Fundamentalists claim both that they practice their religion as the first adherents did and that this is how religion should be practiced. In other words, a Christian ought to believe and practice as those who knew and followed Jesus during His time on earth. A Muslim ought to give the same consideration to the followers of Muhammad. Analogous arguments can be made for most systems of religious belief. Fundamentalists justify this belief on the idea that the founders of the world's religions said and did things that were not written down; in other words, their original disciples knew things that we don't. For fundamentalist Christians, this claim is justified by the Gospel of John, which ends with the statement "there are also many other things that Jesus did, which if they were written one by one, I suppose that even the world itself could not contain the books that would be written." (John 21:25, NKJV) Further justification is adduced from the static or falling attendance of many liberal or reformed congregations, from the scandals that have struck, for example, the Roman Catholic church, and from the increasing difficulty of distinguishing between religiously liberal and avowedly secularist views on such matters as homosexuality, abortion and women's rights.
Criticism of the fundamentalist position
Many criticisms of the fundamentalist position have been offered. The most common is that the theological claims made by fundamentalist groups cannot be proven. Another criticism is that the rhetoric of these groups offers an appearance of uniformity and simplicity, yet within each faith community, one actually finds different texts of religious law that are accepted; each text has varying interpretations. Consequently, each fundamentalist faith is observed to splinter into many mutually antagonistic groups. They are often as hostile to each other as they are to other religions.
In order to carry out the fundamentalist program in practice, critics claim that one would first need a perfect understanding of the ancient language of the original text, if indeed the true text can be discerned from among variants. Furthermore, they charge that fundamentalists fail to recognize that fallible human beings are the ones who transmit this tradition. Elliot N. Dorff writes "Even if one wanted to follow the literal word of God, the need for people first to understand that word necessitates human interpretation. Through that process human fallibility is inextricably mixed into the very meaning of the divine word. As a result, it as impossible to follow the indisputable word of God; one can only achieve a human understanding of God's will. (A Living Tree, Dorff, 1988)
Most fundamentalists do not deal with this argument. Those that do reply to this critique hold their own religious leaders are guided by God, and thus partake of divine infallibility.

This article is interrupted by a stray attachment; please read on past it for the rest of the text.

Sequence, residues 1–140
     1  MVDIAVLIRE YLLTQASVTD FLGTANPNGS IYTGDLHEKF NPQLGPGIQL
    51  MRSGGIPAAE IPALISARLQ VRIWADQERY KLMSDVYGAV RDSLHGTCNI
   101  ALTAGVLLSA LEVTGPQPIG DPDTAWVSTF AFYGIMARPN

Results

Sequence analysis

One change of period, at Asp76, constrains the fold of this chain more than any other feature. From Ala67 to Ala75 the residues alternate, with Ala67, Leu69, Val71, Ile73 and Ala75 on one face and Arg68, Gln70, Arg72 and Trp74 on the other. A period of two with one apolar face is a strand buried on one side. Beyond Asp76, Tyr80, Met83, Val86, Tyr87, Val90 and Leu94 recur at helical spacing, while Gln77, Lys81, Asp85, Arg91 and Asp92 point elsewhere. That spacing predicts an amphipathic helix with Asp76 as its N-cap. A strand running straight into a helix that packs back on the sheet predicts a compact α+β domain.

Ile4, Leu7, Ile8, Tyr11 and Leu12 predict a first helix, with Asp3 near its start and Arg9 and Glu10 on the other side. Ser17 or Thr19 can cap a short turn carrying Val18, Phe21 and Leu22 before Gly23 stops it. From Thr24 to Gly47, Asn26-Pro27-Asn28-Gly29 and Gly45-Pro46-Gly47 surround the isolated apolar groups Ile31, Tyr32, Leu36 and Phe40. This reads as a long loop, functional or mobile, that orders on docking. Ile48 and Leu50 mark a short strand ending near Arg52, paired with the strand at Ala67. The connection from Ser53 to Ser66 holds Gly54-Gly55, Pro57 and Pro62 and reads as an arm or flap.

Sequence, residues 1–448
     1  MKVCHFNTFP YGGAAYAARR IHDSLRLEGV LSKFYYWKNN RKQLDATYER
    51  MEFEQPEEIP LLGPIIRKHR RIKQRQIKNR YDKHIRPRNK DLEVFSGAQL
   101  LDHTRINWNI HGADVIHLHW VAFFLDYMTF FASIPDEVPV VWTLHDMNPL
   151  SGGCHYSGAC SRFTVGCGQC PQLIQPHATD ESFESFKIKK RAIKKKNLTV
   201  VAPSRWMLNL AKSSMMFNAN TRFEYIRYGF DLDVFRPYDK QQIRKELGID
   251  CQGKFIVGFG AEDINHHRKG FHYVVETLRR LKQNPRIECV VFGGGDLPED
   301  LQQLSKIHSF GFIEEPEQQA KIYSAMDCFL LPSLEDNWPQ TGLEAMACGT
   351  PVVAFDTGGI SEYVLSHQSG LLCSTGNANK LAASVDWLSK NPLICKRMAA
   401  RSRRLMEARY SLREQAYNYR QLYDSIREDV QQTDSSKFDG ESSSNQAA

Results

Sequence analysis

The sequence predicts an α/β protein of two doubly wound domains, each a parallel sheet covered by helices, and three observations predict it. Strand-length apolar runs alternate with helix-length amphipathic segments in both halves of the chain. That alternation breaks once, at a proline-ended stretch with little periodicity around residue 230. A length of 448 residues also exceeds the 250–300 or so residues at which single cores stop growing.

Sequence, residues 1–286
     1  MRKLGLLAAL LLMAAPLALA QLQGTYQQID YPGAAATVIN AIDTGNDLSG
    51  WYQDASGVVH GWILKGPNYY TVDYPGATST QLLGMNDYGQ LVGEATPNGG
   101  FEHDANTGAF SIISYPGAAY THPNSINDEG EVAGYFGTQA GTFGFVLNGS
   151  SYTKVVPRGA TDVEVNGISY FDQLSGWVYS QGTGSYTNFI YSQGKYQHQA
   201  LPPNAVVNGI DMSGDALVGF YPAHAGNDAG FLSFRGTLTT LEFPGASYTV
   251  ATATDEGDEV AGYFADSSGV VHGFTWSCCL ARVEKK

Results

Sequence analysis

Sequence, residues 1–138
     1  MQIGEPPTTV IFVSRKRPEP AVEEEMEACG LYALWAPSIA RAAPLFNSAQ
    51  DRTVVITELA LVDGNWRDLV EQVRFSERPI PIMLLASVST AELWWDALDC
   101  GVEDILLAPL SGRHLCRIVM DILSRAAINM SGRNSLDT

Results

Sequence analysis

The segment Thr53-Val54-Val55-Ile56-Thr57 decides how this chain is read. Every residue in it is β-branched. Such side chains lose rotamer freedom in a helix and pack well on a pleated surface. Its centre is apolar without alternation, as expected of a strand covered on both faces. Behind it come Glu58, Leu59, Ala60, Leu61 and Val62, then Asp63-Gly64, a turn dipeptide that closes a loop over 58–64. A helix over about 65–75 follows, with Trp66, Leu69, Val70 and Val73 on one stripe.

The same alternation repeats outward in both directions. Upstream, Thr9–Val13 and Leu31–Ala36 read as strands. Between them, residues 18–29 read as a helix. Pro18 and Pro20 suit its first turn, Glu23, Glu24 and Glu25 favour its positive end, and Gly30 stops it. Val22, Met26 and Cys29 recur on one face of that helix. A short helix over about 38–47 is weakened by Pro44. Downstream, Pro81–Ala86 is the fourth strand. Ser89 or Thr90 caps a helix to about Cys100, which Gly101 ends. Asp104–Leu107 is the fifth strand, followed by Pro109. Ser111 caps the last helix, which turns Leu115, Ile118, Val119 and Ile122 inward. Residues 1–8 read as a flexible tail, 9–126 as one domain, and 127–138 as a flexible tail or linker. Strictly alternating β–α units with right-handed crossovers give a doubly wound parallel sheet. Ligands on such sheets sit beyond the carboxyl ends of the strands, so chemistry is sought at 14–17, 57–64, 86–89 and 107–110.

Fundamentalist is held by many to cause followers of a faith to become overly attached to their religion's leaders. Followers believe that person to be infallible, or the voice of God, and who can direct them infallibly in the interpretation of the sources of truth. Religions which have such a hold over their followers are often referred to as cults.
A general criticism of fundamentalism is the claim that fundamentalists are selective in what they believe and practice. For instance, the book of Exodus dictates that when a man's brother dies, he must marry his widowed sister-in-law. Yet fundamentalist Christians do not adhere to this doctrine, despite the fact that it is not contradicted in the New Testament.
Fundamentalist teachings are criticised by questioning the historical accuracy of the religious texts in question when compared to other historical sources; as well as questioning how documents containing so many contradictions could be considered infallible.
The novelist Bernard Cornwell was brought up as a Christian fundamentalist and studied theology in order to falsify the claims made by his adoptive parents. He stated (on BBC Radio 4's Desert Island Discs programme on 18 April 2004) that his conversion came when he realised that the whole idea of fundamentalist religion was total rubbish and that the happiness of this realisation has never left him.
The Nobel Prize-winning physicist Richard Feynman wrote that the greatest threat to the world is not nuclear or biological warfare but mind control. This is thought to be a reference both to fundamentalism and political ideologies such as fascism.
Fundamentalism and politics
"Fundamentalism" is a morally charged, emotive term, often used as a term of opprobrium, particularly in combination with other epithets (as in the phrase "Muslim fundamentalists" and "right-wing fundamentalists").
Very often religious fundamentalists, in all religions, are politically aware. They feel that legal and government processes must recognise the way of life they see as prescribed by God and set forth in Scripture. The state must be subservient to God, in their eyes: this, however is a basic belief of most religions.
Most 'Christian' countries went, or are also going through a similar stage in their development. The governments of many Muslim countries, such as Iran and Saudi Arabia, are Islamic, and include people with fundamentalist beliefs. More secular politicians are often to be found working in opposition movements in these countries.
- Appleby, R. Scott, Gabriel Abraham Almond, and Emmanuel Sivan (2003). Strong Religion. Chicago: University of Chicago Press. ISBN 0226014975
- Armstrong, Karen (2001). The Battle for God: A History of Fundamentalism. New York: Ballantine Books. ISBN 0-345-39169-1
- Brasher, Brenda E. (2001). The Encyclopedia of Fundamentalism. New York: Routledge. ISBN 0415922445
- Dorff, Elliot N. and Rosett, Arthur, A Living Tree; The Roots and Growth of Jewish Law, SUNY Press, 1988].
- Marty, Martin E. and R. Scott Appleby (eds.). The Fundamentalism Project. Chicago: University of Chicago Press.